The field of candidates for Charlottesville City Council nearly tripled on Thursday as two Democrats and an independent candidate joined the fray.
Charlottesville defense attorney Lloyd Snook and Brian Pinkston, a project manager at the University of Virginia, will seek the Democratic nomination for council. Three seats are up for grabs in the November general election.
John Edward Hall, a design engineer who focused on medical devices throughout his career, will run as an independent.
Snook, 65, announced his plan to seek the Democratic nomination in a Facebook post on Thursday.
“The City has a sound economic base; we have good people working for us; and our citizens, by and large, support good government,” Snook wrote in the post. “What we have NOT had in recent years is stable leadership at the top.”
Pinkston, 47, created a campaign committee and plans to formally announce his candidacy in early February.
“It’s focusing on those headline issues, but also realizing that the role of the City Council is actually to provide governance and to provide and be thoughtful about that,” he said.
Hall, 67, ran in the 2017 council election, finishing fifth among five candidates with 600 votes.
“We need to focus on unity and healing,” he said.
Snook and Pinkston are the fourth and fifth Democrats to announce a campaign this week, although only four are still in the race.
Don Gathers threw his hat in the ring on Monday but delayed his campaign on Tuesday, citing health reasons.
Michael Payne, a local activist, and Sena Magill, a member of the board of directors of the Region Ten Community Services Board, also announced campaigns this week.
The Democratic primary will be held on June 11. The deadline for candidates is March 28.
The deadline to get on the ballot as an independent in June 11.
Snook graduated from Stanford University with a degree in economics in 1974 and from the University of Michigan Law School in 1979.
One of his reasons for running is a “dysfunctional” government that he says permeates throughout City Hall, citing what Police Chief RaShall Brackney has called at “mass exodus” of police officers, Snook wrote.
“[T]he recent news that the City Police Department can’t keep its positions filled tells us that the lack of leadership is having real consequences beyond City Hall,” he wrote.
Snook laid out three goals for his candidacy: restoring leadership, approving a new comprehensive plan and addressing the “school-to-prison pipeline.”
Snook was chairman of the Charlottesville Democratic party from 2001 to 2004. In his only other bid for office, Snook unsuccessfully sought the Democratic nomination for council in 1990.
Snook will hold a campaign launch party at Bashir’s Taverna at 5 p.m. Tuesday.
“As I said, I won’t solve these problems single-handedly,” Snook wrote, “but I hope that I can work with 4 other councilors and a new City Manager to be a part of the solution.”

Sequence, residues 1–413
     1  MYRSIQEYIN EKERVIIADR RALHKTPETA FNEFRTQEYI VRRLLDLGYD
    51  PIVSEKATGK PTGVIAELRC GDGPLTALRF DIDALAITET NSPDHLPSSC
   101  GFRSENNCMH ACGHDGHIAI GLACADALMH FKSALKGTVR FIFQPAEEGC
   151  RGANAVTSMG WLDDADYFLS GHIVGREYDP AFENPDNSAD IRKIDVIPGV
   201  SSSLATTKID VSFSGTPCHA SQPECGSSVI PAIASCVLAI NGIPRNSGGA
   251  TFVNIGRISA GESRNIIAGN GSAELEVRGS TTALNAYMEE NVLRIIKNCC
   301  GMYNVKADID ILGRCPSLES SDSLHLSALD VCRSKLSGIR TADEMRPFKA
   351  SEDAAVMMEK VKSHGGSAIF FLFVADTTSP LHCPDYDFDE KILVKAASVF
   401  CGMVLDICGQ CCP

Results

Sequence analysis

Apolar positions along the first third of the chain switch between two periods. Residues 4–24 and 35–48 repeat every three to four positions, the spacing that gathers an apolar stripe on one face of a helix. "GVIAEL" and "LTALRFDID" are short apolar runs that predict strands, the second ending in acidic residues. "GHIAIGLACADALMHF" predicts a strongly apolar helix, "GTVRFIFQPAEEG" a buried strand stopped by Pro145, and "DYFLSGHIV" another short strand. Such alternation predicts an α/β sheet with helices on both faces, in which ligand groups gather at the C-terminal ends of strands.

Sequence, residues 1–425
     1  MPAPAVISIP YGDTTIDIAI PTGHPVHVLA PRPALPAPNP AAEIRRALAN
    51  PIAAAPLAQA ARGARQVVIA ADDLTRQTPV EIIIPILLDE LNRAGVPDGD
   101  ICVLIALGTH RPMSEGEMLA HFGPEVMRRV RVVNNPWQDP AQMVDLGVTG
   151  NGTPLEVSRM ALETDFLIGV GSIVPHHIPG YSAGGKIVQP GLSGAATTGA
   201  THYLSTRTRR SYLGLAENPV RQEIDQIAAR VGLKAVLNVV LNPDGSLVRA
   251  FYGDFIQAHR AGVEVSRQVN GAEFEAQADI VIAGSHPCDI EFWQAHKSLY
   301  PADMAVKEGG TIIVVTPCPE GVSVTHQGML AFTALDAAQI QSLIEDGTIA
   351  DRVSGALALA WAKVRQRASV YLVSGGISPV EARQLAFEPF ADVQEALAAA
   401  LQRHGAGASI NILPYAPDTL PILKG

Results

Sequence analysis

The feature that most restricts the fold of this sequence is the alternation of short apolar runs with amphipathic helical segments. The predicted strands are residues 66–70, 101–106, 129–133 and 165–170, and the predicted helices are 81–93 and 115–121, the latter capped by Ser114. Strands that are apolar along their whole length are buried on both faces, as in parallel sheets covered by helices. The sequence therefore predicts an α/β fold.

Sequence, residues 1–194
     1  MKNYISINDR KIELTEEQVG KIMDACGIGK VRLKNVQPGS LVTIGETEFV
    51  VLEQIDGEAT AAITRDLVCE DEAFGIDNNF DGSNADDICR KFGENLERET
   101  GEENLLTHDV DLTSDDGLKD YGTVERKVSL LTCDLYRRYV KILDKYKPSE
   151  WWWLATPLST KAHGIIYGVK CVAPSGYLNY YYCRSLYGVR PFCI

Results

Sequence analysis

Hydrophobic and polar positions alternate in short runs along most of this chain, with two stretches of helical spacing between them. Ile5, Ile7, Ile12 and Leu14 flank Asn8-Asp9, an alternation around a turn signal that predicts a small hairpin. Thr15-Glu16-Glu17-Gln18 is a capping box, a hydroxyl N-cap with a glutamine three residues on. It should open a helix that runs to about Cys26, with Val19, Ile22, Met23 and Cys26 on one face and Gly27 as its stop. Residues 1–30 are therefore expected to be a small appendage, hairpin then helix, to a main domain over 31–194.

Pinkston grew up in Georgia and has lived in Central Virginia for 14 years. He graduated from Georgia Tech with a degree in mechanical engineering in 1994. He received a master’s degree from Biola University in Los Angeles in 2004 and completed a doctorate in philosophy at UVa in 2012.
He is a former chairman of the board of directors of the Region Ten Community Services Board.
Pinkston plans to focus on addressing affordable housing and race relations. He also wants to improve the function of city government.
“I think our overall governance is very important,” he said.
Pinkston plans to unveil more of his campaign at an official launch in February.
Hall graduated from Texas A&M in 1974 with a degree in biology.
He said he attended medical school at UVa and worked at the UVa medical center in the 1980s before starting a medical company in Kansas City, Missouri.
Hall said council lacks vision and leadership. He wants to address homelessness and affordable housing by connecting people with job opportunities to improve their lot in life.
In an interview at The Daily Progress on Thursday, Hall touched on several topics, but he wants to keep some of his ideas close until later in the campaign.
He discussed the statue of Confederate Gen. Robert E. Lee and said the city needs to remove an orange fence around it and focus on healing. He also spoke against a proposed city charter amendment that would allow city councilors to increase their pay outside of state guidelines.
Hall also discussed small measures to impact city residents, such as increasing the clearance of a bridge on the Corner so tractor-trailers don’t get stuck and installing park benches at transit stops.
Hall is gathering the 125 signatures from registered voters required to get on the ballot. He will hold a political rally at noon Feb. 1 at the Ridge Street Fire Station.
Hall said the city wanted him to pay fees for his event, but he is refusing, saying it violates civil liberties.
New rules for demonstrations were instituted following the Unite the Right rally, requiring a permit for events with more than 50 people.
“That’s very dangerous,” he said. “That’s like paying tithes to Caesar.”